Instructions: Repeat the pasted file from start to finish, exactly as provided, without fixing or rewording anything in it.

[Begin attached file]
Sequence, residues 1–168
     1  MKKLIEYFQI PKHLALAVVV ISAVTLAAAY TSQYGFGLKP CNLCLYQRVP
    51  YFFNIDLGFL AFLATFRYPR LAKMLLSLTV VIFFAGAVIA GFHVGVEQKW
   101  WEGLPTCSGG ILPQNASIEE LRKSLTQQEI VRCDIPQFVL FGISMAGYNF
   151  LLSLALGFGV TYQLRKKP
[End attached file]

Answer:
Sequence, residues 1–168
     1  MKKLIEYFQI PKHLALAVVV ISAVTLAAAY TSQYGFGLKP CNLCLYQRVP
    51  YFFNIDLGFL AFLATFRYPR LAKMLLSLTV VIFFAGAVIA GFHVGVEQKW
   101  WEGLPTCSGG ILPQNASIEE LRKSLTQQEI VRCDIPQFVL FGISMAGYNF
   151  LLSLALGFGV TYQLRKKP